Sedlo Seamount

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Sedlo Seamount
Summit depth 660 m (2,165 ft)[1]
Height ~ 2,340 m (7,677 ft)[1]
Summit area 75 by 30 km (47 by 19 mi)[1]
Coordinates 40°12.8′N 26°15.8′W / 40.2133°N 26.2633°W / 40.2133; -26.2633Coordinates: 40°12.8′N 26°15.8′W / 40.2133°N 26.2633°W / 40.2133; -26.2633[1]
Country Azores (EEZ)
Type Seamount (underwater volcano) and tablemount
Volcanic arc/chain Isolated[1]

Sedlo Seamount is an isolated seamount and underwater volcano located in the Northeast Atlantic, 180 mi (290 km) northeast of Graciosa Island. It has an elongate structure, roughly 75 by 30 km (47 by 19 mi). The summit is flat with three peaks. Sedlo Seamount sits on the ocean floor 3,000 m (9,843 ft) deep, and rises to within 660 m (2,165 ft) of the surface. Sedlo seamount has a tablemount structure, indicating that the peak of the seamount had once been above the water, but has since been ground down by persistent erosion to its current height. The seamount stands within the Exclusive Economic Zone of the Azores.[1]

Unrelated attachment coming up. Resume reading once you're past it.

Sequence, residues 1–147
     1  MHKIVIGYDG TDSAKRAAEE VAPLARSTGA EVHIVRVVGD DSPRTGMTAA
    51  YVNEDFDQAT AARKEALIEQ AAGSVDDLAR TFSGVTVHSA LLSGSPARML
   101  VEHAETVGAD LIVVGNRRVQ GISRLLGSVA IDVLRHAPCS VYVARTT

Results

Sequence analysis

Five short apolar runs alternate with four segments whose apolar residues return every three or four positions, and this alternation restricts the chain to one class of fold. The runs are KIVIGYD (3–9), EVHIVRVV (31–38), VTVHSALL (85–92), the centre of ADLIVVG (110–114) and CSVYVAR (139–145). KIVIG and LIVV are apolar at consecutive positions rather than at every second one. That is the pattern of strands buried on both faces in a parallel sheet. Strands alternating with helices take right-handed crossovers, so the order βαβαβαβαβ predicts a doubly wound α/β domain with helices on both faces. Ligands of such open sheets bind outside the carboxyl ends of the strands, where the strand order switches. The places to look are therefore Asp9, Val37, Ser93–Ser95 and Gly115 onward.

From 2002 to 2005, Sedlo Seamount was the target of a focused multidisciplinary study by the EU (titled OASIS), much of the research of which was published in 2009.

Complex hydrographical patterns with anticyclones and Taylor columns cause water flow around the summit. Water eddies tend to disrupt this flow. A bottom trawling experiment conducted during research brought up large orange roughy (Hoplostethus atlanticus) aggregations, as well as bycatch of benthic fauna including sponges, gorgonians, and scleractinian corals.[1]

European Commission has enacted rules that protect Sedlo from bottom trawling, gillnets, and trammel nets. In 2007, Portugal proposed for Sedlo's inclusion in the OSPAR series of Marine Protected Areas. The motion was accepted in 2008, and a management plan for the MPA was being drafted. The MPA protects an area 62 by 65 km (39 by 40 mi).[1]

See also


  1. ^ a b c d e f g h Ricardo S. Santos; Fernando Tempera; Gui Menezes; Filipe Porteiro & Telmo Morato. "Spotlight 12: Sedlo Seamount" (PDF). Oceanography. Seamounts Special Issue. Oceanography Society. 23 (1). Retrieved 28 July 2010.
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